Ken Levine also talked about how there is often an outcry for more diversity of characters in video games, and people often request for very generic character types, such as wanting a ‘positive gay character’, but simply stating a person, and defining them by one aspect of their personality, does not make for interesting characters. There needs to be more to their story, they need to have ambitions and needs, not just filling a character stereotype in a story to make it seem more diverse.
A new start for irrational
Futter and Levine then went on to talk about Levine’s new project and how he is trying to create a new type of narrative experience for players.
In February 2014, after the release of Bioshock Infinite, and all the downloadable content for the game was released, a majority of the studio was ‘let off’, as Ken Levine took the developer into a different direction with a much smaller team.
For Levine’s new game, he hopes to implement a system, which is in order to make an interesting character, the character needs to have a number of passions, wants and needs.
“The player now has the ability to facilitate those wants or needs or go against those wants or needs or ignore those wants or needs. The reason I think the system is going to work is because it’s a very organic way to look at a character. It’s a quite systemic game. The system we’re in, the character’s feelings about you change, they go up and down. But the heart of a character is still wants and needs, and that makes it no different than anything I’ve ever written before.”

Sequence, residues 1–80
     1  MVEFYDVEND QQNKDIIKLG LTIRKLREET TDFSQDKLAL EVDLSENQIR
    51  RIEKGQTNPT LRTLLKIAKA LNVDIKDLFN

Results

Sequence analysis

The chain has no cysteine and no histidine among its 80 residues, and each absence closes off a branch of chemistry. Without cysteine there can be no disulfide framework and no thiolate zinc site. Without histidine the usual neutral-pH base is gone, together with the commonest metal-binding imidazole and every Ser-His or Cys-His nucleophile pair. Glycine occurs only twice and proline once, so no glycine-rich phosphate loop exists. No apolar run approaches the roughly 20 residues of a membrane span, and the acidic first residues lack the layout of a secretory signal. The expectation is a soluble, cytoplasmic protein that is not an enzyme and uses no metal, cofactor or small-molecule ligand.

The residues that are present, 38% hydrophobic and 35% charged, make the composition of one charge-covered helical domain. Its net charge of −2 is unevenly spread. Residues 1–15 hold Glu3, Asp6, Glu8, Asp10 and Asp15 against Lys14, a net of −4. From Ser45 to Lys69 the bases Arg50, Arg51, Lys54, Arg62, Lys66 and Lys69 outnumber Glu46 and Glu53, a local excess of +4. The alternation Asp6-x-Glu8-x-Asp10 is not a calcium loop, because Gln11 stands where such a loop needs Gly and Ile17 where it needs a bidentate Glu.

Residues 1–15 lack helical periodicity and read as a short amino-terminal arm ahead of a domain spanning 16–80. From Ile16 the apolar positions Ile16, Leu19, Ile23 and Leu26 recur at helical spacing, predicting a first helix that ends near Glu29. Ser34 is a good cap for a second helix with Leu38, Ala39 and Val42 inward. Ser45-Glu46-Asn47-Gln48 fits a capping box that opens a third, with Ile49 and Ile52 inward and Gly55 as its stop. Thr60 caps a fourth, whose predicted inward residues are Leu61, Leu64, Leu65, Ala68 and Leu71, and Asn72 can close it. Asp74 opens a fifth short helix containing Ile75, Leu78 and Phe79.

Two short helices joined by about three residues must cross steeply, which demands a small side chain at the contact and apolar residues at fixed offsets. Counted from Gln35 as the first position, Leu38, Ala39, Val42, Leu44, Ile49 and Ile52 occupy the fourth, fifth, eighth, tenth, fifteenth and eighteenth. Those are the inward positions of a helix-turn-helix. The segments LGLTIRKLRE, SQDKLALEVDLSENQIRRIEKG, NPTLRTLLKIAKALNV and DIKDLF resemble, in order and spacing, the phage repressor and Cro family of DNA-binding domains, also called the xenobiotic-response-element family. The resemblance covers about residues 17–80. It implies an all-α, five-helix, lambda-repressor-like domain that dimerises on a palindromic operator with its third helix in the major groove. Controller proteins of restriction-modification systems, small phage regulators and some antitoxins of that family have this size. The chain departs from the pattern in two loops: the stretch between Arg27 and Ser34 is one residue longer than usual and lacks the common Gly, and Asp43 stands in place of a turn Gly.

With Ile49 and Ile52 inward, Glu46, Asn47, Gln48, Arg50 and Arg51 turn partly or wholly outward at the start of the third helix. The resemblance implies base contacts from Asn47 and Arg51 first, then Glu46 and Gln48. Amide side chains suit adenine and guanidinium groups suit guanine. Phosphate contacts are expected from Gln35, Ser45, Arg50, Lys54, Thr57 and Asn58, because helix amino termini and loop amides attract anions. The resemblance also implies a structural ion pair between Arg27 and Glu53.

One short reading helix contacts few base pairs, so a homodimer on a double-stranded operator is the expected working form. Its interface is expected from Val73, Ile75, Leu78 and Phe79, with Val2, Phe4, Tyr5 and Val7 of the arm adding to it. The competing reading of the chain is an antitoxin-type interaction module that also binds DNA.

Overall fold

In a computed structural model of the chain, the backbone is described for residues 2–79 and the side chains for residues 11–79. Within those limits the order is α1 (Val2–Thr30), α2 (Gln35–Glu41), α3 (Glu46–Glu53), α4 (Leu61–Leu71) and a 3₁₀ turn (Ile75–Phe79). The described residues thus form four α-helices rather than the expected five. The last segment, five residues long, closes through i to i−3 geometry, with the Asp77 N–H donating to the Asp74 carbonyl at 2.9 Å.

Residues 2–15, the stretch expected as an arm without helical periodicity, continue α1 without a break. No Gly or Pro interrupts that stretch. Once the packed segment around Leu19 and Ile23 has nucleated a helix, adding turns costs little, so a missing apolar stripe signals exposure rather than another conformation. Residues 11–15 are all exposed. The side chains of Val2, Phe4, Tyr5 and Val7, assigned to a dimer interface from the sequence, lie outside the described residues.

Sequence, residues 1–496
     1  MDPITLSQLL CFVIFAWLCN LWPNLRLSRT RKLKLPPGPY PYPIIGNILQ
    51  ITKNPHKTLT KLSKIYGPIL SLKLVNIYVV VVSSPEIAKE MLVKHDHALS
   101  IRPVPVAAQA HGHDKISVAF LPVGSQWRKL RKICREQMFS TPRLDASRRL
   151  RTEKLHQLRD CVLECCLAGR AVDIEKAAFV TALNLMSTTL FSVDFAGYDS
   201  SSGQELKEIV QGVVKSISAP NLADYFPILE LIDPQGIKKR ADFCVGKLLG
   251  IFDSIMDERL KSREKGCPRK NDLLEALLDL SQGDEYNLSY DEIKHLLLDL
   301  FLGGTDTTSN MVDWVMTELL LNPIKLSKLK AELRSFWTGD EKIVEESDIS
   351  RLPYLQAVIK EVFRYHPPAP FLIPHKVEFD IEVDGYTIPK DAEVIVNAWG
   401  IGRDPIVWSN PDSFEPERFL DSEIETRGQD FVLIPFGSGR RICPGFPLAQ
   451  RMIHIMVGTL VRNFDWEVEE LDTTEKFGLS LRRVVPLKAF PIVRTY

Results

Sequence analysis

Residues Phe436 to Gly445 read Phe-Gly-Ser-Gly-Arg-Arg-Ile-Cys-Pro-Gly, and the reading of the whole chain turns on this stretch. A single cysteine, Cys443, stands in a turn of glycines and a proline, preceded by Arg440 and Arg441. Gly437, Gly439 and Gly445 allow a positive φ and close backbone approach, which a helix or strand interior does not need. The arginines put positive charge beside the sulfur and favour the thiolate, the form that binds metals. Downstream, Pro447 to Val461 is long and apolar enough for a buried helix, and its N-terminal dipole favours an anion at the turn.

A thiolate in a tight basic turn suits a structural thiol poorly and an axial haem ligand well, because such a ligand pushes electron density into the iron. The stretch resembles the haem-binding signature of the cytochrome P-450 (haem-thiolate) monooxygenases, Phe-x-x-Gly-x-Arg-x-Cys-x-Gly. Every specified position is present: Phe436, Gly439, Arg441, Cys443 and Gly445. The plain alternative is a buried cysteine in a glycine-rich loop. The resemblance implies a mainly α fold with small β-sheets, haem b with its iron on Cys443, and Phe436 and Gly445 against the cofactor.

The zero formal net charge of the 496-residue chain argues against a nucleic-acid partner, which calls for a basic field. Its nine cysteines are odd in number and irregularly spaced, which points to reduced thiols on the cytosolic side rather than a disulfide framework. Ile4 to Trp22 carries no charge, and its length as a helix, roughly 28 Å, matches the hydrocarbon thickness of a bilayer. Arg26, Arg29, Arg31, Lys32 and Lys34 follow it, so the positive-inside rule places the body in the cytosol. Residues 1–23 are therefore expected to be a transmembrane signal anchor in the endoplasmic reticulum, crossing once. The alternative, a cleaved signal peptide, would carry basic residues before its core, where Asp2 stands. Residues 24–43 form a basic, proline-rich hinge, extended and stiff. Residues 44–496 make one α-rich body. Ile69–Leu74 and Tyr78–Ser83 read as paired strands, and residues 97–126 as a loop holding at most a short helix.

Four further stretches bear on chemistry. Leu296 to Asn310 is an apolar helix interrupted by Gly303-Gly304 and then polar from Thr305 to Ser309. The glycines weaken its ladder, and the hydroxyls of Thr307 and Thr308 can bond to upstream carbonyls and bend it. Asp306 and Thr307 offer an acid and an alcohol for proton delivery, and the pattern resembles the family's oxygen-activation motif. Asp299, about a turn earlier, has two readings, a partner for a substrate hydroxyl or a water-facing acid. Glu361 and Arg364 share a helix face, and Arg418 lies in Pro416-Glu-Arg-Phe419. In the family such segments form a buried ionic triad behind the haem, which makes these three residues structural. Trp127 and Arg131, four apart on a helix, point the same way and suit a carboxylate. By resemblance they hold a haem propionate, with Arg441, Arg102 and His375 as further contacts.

His new approach to character creation aims to make players more aware and caring of other, non-playable characters and how those characters react to you is based on the player’s actions. If you work against the needs or ideals of characters you will push them away and they will dislike and disregard you.
When asked whether Levine could give any more specifics about the project or the name of his new studio, he said he was excited about it, but wasn’t ready to give Gameinformer the full picture yet.
Are you excited about Ken Levine’s new project? Let us know in the comments!